Effects of vertical tillage on soil structure and crop yields in southern Saskatchewan
- Soil Health
- University of Saskatchewan
Dr. Bing Si
Lead Investigator(s) Institution
University of Saskatchewan - Dept. of Soil Sciences
To evaluate the performance of vertical tillage (VT) compared to conventional tillage (CT) and no-till (NT).
Vertical and tandem disc tillage did not significantly affect aggregate size, while aggregate stability was slightly reduced by tandem discing. There was also a trend for burning to decrease aggregate stability. In the following season, no-till tended to have higher surface soil moisture content than the tillage treatments. In the following spring, the vertical tillage tended to slightly decrease air permeability and water infiltration rate compared to un-tilled soil. Effects of the tillage treatments on physical properties of the soil were diminished in the second year and had mainly disappeared in the third year following the treatments. There were no crop stubble burning effects on water infiltration or air permeability in any of the three years. Following imposition of the treatments in the fall of 2015, crop yields of wheat (Triticum aestivum) (2016), peas (Pisum sativum) (2017) and canola (Brassica napus) (2018) grown in subsequent years were similar and were not significantly different, but mean yields were slightly higher on the vertical tillage treatment over the three years. Direct seeding into the flax residue was successful because the flax crop was harvested when conditions were dry, and the residue was evenly distributed by the straw chopper on the combine. Tillage or raking and burning to reduce flax straw residue interference therefore was not needed to maximize yield under the conditions of this study. There were also no problems with equipment plugging identified in the field that would be considered an inconvenience or delay operations.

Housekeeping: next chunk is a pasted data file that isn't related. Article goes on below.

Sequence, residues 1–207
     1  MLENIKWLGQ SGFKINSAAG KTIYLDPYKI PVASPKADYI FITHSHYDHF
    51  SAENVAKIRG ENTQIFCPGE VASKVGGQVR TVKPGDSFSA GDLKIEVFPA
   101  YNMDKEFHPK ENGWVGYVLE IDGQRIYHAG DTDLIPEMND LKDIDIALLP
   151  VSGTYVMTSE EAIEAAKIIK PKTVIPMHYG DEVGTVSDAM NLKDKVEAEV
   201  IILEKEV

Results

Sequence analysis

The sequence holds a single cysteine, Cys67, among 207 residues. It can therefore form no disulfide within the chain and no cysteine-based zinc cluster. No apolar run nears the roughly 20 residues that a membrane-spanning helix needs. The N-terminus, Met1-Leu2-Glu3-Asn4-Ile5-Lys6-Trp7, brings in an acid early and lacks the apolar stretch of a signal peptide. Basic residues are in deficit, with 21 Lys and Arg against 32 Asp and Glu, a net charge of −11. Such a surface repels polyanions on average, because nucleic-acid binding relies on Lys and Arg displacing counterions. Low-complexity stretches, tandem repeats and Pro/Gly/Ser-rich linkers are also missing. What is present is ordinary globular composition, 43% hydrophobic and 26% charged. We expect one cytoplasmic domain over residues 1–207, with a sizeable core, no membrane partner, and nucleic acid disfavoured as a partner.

Duration/Timeline of Project (Year to Year)
2015 - 2019
Saskatchewan Ministry of Agriculture - Agriculture Development Fund, Saskatchewan Wheat Development Commission, Western Grains Research Foundation
Total Project Cost